Milram: Nearly totally avoided the crashes. Niki Terpstra was the only team rider involved, crashing on the Stockeu descent. “The riders themselves made the decision, to show their respect for the crashed riders,” said team manager Gerry van Gerwen. “But you must also see the other side. The fans, who stand along the road to see cycling, and for the sponsors and the race organizers, who invest so much in the Tour de France — they also deserve respect.”
Cervélo TestTeam: All riders managed to get through the crashes, and the team was upset with the peloton’s decision not to contest the finish. “I feel frustrated by what happened today,” said Thor Hushovd. “Our team was working hard and we would have had a good chance for victory. I feel like they have taken something away from us today. There were a few sprinters who did not make it to the front group, but there was no reason not to contest the sprint. Everyone made a gentleman’s agreement not to sprint, but I lost an important opportunity to try to win the stage and gain points.”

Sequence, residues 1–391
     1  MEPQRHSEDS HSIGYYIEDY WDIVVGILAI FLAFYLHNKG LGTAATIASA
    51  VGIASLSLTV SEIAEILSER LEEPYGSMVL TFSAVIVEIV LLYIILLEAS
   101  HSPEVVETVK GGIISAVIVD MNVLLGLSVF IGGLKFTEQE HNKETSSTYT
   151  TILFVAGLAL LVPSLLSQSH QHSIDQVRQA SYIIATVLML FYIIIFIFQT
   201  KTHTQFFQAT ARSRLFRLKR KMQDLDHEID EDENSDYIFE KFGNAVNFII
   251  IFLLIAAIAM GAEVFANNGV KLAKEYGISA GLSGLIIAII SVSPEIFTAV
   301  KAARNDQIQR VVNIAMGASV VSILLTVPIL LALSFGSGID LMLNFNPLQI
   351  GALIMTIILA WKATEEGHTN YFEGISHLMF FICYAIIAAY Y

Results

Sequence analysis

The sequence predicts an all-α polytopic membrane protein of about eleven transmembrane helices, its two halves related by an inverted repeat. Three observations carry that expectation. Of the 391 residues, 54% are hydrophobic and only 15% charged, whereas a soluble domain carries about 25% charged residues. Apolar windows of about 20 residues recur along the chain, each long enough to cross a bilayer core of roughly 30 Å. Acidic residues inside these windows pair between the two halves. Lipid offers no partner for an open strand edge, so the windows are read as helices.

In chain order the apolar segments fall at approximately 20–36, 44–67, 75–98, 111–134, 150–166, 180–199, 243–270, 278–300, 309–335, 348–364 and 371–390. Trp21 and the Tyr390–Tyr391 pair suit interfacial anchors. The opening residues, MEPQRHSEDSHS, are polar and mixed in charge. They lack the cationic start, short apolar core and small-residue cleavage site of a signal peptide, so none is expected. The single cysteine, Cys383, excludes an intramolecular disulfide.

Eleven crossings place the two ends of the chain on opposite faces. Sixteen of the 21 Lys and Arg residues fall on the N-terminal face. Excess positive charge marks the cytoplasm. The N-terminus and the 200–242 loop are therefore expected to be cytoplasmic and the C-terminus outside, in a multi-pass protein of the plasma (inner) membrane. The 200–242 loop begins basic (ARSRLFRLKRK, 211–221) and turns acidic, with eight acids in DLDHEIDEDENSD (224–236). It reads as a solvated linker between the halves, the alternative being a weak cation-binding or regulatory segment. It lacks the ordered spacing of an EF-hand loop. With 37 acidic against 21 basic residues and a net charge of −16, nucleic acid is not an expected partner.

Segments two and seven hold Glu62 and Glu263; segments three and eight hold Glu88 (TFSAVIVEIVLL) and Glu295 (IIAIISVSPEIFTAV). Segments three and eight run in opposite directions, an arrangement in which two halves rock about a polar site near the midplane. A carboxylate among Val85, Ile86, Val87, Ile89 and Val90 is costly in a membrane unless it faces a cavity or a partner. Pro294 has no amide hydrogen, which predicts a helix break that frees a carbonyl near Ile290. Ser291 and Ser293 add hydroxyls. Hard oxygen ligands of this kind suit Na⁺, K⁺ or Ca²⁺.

Team Sky: Simon Gerrans, Bradley Wiggins and Michael Barry all came down and received mostly surface injuries, the team said. “It was ridiculously slippery,” said Team Sky manager Dave Brailsford. “They were coming down the last couple of descents and there were guys in the trees. It was carnage in the true sense of the word. Sixty guys must have crashed in different places.”
HTC-Columbia: None of the team’s eight remaining riders crashed.